Job 37:18
Have you with him spread out the sky, which is strong, and as a molten looking glass?
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EXPOSITORY (ENGLISH BIBLE)
(18) Spread out the sky.—Some understand this of the action of the sun in dispersing the clouds; but it seems more probable that it refers to God. “Hast thou spread out with Him the magnificent dome of heaven?” The words used, however, imply the clouds rather than the cloudless sky which resembles a burnished mirror; so that it is not improbable that the sun may be the subject here and in the following verses.

Job 37:18-19. Hast thou, with him, spread out the sky — Wast thou his assistant in spreading out the sky, like a canopy, over the earth? Which is strong — Which, though it be very thin and transparent, yet is also firm, and compact, and steadfast. As a molten looking-glass — Made of brass and steel, as the manner then was. Smooth and polished, without the least flaw. In this, as in a glass, we may behold the glory of God, and the wisdom of his handiwork. Teach us — If thou canst; what we shall say unto him — Of these his wonderful works, or of his divine counsels and ways. For we cannot order our speech — We know neither with what words or matter, nor in what manner, to maintain discourse with him, or plead against him. By reason of darkness — Both because of the darkness of the matter, God’s counsels and ways being a great depth, and far out of our reach; and because of the darkness, or blindness, of our minds.37:14-20 Due thoughts of the works of God will help to reconcile us to all his providences. As God has a powerful, freezing north wind, so he has a thawing, composing south wind: the Spirit is compared to both, because he both convinces and comforts, So 4:16. The best of men are much in the dark concerning the glorious perfections of the Divine nature and the Divine government. Those who, through grace, know much of God, know nothing, in comparison with what is to be known, and of what will be known, when that which is perfect is come.Hast thou with him spread out the sky? - That is, wert thou employed with God in performing that vast work, that thou canst explain how it was done? Elihu here speaks of the sky as it appears, and as it is often spoken of, as an expanse or solid body spread out over our heads, and as sustained by some cause which is unknown. Sometimes in the Scriptures it is spoken of as a curtain (Notes, Isaiah 40:22); sometimes as a "firmament," or a solid body spread out (Septuagint, Genesis 1:6-7); sometimes as a fixture in which the stars are placed (Notes, Isaiah 34:4), and sometimes as a scroll that may be rolled up, or as a garment, Psalm 102:26. There is no reason to suppose that the true cause of the appearance of an expanse was understood at that time, but probably the prevailing impression was that the sky was solid and was a fixture in which the stars were held. Many of the ancients supposed that there were concentric spheres, which were transparent but solid, and that these spheres revolved around the earth carrying the heavenly bodies with them. In one of these spheres, they supposed, was the sun; in another the moon; in another the fixed stars; in another the planets; and it was the harmonious movement of these concentric and transparent orbs which it was supposed produced the "music of the spheres."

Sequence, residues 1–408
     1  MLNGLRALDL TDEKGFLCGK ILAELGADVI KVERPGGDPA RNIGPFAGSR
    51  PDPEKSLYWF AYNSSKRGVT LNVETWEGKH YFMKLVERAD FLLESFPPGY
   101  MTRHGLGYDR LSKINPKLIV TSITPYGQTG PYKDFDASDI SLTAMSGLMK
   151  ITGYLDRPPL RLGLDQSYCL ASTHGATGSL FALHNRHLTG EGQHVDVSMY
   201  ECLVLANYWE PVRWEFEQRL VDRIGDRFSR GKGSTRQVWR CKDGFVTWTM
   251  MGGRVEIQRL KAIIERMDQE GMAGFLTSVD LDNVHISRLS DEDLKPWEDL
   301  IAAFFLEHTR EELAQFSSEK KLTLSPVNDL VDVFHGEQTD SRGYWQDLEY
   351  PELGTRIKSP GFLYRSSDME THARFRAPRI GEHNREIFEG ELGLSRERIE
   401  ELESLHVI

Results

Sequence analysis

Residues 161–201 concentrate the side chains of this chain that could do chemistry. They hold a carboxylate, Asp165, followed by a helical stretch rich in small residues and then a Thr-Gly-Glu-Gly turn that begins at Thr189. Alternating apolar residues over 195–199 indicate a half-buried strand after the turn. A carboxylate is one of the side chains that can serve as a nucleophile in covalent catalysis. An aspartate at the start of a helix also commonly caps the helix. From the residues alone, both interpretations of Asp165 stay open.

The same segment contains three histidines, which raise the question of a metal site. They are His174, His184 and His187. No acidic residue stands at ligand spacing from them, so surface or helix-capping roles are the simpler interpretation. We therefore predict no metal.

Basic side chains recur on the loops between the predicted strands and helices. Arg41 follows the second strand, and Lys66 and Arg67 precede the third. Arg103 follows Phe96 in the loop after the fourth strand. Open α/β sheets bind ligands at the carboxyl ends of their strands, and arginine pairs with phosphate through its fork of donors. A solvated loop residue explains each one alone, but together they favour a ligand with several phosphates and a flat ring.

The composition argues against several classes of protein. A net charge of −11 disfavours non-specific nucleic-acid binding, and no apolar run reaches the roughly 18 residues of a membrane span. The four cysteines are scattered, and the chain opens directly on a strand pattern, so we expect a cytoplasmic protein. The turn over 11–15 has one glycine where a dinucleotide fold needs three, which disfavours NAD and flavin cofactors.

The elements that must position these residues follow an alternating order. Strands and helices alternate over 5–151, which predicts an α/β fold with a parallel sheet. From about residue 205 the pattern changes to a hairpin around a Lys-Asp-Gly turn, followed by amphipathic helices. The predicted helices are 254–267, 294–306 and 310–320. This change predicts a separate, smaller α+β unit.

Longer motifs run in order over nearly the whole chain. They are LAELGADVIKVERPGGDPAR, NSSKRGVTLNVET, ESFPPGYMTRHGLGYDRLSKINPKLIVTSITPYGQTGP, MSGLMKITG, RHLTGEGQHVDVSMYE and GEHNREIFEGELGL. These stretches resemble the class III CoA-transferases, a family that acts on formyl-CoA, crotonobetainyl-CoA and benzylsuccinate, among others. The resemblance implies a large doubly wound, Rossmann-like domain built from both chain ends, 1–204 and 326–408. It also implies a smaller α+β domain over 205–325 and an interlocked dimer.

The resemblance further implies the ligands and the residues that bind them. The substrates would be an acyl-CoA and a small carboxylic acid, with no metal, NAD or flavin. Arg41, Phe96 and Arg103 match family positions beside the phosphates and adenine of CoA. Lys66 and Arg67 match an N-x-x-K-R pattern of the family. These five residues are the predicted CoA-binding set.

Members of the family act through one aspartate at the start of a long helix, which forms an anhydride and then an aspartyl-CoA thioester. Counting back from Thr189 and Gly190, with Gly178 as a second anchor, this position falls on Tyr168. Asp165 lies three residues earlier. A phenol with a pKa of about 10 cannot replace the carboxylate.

Which is strong - Firm, compact. Elihu evidently supposed that it was solid. It was so firm that it was self-sustained.

And as a molten looking-glass - As a mirror that is made by being fused or cast. The word "glass" is not in the original, the Hebrew denoting simply "seeing," or a "mirror" (ראי re'ı̂y). Mirrors were commonly made of plates of metal highly polished; see the notes at Isaiah 3:23; compare Wilkinson's Manners and Customs of the Ancient Egyptians, vol. iii. p. 365. Ancient mirrors were so highly polished that in some which have been discovered at Thebes the luster has been partially restored, though they have been buried for many centuries. There can be no doubt that the early apprehension in regard to the sky was, that it was a solid expanse, and that it is often so spoken of in the Bible. There is, however, no direct declaration that it is so, and whenever it is so spoken of, it is to be understood as popular language, as we speak still of the rising or setting of the sun, though we know that the language is not philosophically correct. The design of the Bible is not to teach science, but religion, and the speakers in the Bible were allowed to use the language of common life - just as scientific men in fact do now.

18. with him—like as He does (Job 40:15).

spread out—given expanse to.

strong pieces—firm; whence the term "firmament" ("expansion," Ge 1:6, Margin; Isa 44:24).

molten looking glass—image of the bright smiling sky. Mirrors were then formed of molten polished metal, not glass.

Wast thou his co-worker or assistant in spreading out the sky like a tent or canopy over the earth? or canst thou spread out such another sky? Then indeed thou mayst with some colour pretend to be privy to his counsels, and to judge of his works.

Which is strong; which though it be very thin and transparent, yet is also firm, and compact, and stedfast, and of great force when it is pent up.

As a molten looking-glass, made of brass or steel, as the manner then was. Hast thou with him spread out the sky?.... Wast thou concerned with him at the first spreading out of the sky? wast thou an assistant to him in it? did he not spread it as a curtain or canopy about himself, without the help of another? verily he did; see Job 9:8, Isaiah 44:24;